By Chris Ravita, Soccer Editor - Archive - Email
MLS All-Stars confident ahead of Chelsea clash
The MLS All-Star Game takes place on JUly 25 at PPL Park.
Philadelphia, PA (Sports Network) - The Major League Soccer All-Stars have not fared particularly well in America's summer showcase over the past few seasons.

Playing English Premier League heavyweight Manchester United in consecutive matches left the team battered, bruised and licking their wounds, falling to the 19-time league champions by a combined score of 9-2 over the two games.

But don't be fooled by that small sample size. Since the MLS All-Star Game switched from the prototypical "East vs. West" format to a match that pits all of the league's best players against a world-renowned team, the All-Stars have done more than simply hold their own.

Aside from the two humbling defeats to the mighty Red Devils, the MLS All- Stars have produced a 5-0-1 record against their foreign opponents (though the draw ultimately turned into a loss to English side Everton on penalties).

Wednesday, the MLS All-Stars will be out to prove that their losses to Manchester United were nothing more than outliers in an otherwise impressive record against the world's best as they face reigning European champion and FA Cup winner Chelsea at PPL Park.

The idea to face international clubs began in 2003 with a 3-1 win over Mexican side Chivas de Guadalajara. The East vs. West format manifested itself once more in 2004 before the league reverted back to contests with international powerhouses, and MLS has not looked back since.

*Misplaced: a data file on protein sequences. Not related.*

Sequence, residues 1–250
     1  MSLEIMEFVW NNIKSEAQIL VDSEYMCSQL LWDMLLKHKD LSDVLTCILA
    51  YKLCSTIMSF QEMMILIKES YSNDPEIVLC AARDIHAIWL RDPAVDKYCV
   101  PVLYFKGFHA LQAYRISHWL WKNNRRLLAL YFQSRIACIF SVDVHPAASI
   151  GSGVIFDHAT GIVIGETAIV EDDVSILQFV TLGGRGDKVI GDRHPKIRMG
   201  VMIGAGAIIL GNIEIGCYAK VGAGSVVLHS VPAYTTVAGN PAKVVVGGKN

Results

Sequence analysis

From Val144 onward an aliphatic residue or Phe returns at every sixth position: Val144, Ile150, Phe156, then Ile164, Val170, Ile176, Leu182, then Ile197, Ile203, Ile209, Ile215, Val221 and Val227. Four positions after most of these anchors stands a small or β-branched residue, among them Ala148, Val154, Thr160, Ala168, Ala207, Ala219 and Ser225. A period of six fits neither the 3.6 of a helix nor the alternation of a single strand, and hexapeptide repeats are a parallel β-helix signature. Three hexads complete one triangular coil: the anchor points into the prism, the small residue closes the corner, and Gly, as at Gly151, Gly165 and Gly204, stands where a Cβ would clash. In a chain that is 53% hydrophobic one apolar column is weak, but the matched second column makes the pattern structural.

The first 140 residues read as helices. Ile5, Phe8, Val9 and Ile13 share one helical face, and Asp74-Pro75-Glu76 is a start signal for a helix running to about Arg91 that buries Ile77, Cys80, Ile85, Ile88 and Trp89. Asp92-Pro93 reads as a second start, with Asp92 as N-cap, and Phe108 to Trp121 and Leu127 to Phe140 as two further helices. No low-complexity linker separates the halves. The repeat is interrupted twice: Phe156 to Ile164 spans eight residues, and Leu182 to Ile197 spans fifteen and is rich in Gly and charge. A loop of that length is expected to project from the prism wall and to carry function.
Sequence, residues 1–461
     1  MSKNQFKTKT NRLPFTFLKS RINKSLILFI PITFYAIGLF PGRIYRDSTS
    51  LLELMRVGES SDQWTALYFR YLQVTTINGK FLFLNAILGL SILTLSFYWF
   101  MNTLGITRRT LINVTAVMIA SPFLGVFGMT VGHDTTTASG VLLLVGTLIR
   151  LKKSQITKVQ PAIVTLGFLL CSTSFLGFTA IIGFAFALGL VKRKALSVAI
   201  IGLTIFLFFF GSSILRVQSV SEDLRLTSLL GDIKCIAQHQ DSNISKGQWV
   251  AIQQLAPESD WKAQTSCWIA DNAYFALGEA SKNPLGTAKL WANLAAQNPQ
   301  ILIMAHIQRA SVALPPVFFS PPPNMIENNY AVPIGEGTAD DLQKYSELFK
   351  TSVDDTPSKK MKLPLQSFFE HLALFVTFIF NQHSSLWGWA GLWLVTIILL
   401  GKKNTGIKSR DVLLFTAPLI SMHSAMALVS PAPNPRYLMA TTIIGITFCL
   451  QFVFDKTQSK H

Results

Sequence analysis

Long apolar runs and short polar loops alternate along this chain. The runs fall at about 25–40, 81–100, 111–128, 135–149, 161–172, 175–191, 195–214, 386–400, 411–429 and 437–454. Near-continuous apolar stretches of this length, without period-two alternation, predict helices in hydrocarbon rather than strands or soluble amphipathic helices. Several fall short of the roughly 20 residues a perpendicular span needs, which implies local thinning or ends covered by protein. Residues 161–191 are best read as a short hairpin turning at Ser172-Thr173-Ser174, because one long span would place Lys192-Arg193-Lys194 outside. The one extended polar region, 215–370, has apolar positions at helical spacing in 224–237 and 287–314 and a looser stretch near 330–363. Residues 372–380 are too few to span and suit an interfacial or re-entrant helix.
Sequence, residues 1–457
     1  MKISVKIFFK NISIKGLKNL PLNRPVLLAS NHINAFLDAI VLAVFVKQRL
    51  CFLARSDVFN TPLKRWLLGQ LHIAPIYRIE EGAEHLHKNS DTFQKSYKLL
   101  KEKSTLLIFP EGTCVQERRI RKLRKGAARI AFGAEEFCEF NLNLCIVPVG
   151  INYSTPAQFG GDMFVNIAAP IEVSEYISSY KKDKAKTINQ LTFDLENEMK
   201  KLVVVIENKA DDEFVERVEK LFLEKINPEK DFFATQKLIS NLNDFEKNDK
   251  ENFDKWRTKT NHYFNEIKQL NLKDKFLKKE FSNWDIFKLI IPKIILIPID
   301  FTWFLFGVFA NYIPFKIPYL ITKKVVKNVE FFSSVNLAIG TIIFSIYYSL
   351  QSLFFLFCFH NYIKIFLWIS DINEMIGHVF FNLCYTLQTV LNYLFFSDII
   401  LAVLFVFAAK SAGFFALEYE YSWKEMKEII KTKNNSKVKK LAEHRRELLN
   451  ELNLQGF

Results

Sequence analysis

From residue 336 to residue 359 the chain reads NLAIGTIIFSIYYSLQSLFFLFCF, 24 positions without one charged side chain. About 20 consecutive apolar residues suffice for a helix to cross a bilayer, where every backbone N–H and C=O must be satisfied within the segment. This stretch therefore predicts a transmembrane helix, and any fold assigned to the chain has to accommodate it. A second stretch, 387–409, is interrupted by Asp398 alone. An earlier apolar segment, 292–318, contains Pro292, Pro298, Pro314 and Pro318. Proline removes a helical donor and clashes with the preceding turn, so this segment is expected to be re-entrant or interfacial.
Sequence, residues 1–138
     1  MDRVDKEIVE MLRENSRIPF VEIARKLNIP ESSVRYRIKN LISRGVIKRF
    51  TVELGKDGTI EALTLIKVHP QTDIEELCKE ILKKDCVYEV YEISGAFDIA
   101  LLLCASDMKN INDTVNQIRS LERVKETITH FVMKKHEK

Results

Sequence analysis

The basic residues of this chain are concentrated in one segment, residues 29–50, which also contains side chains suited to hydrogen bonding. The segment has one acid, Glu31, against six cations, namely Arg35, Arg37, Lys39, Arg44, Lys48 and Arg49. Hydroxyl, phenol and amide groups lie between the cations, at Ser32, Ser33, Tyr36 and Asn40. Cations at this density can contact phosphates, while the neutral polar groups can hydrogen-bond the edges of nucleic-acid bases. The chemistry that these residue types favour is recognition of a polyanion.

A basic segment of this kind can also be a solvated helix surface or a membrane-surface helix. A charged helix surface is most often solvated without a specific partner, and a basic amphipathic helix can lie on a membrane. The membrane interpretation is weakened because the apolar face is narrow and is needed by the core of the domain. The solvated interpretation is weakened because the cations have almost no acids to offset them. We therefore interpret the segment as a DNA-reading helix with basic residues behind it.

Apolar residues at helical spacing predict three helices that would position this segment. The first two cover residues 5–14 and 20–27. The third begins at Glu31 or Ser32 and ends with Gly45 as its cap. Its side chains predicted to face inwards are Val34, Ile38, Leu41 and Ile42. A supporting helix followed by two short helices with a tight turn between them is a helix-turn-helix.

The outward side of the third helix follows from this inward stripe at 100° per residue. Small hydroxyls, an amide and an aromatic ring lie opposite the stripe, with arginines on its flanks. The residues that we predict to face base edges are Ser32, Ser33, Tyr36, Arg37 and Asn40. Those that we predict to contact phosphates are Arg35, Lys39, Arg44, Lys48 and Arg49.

The All-Stars crushed Fulham, 4-1 in 2005 before Dwayne De Rosario helped them squeak past Chelsea with a 1-0 win in 2006. After taking successive wins against Scottish giant Celtic (2-0) and English side West Ham United (3-2), the All-Stars played to a 1-1 draw with Everton in 2009, ultimately losing on penalties.

Major League Soccer has fought a battle to gain notoriety in a crowded sports marketplace for some time. In many ways, it is still fighting - there are plenty of people who contend that soccer in America will struggle to gain long-term popularity and that players from the United States won't be truly competitive in the world's game.

The All-Star Game, in its current format, was viewed as a tool to combat this notion - putting our boys against global footballing giants and proving that we're good enough.

But even on the back of two sizable losses to Manchester United, Ben Olsen, head coach the MLS All-Stars, is much more realistic with his expectations. The D.C. United boss is not feeling the pressure to get a positive result in a glorified friendly.

"If anything, I should feel less pressure with that," said Olsen in response to how the two previous All-Star Games will affect his approach. "I'd feel more pressure if they won both of them [against Manchester United].

"Look, it's a situation where you fly guys in with games on the weekend, you try to get them on the same page, give them a template to succeed, but you can only do so much in 36 hours. That's the beauty of this; it's about the individuals and they go out there, they try to gel under quick circumstances and help each other out. We'll see. We'll give it our best shot, that's for sure."

Landon Donovan knows a thing or two about All-Star Games having been voted to an MLS-record 12th appearance this year. The Los Angeles Galaxy star echoed Olsen's mentality, but believes his All-Star teammates still have the motivation necessary to pull off the desired result.

"It's an All-Star Game at the end of the day," Donovan said. "But I think guys take some pride in it. And it's good to have guys who are experiencing it for the first time because they're probably a little bit more excited than guys who have been there before.

"I think we're going to be a lot more competitive this time around."

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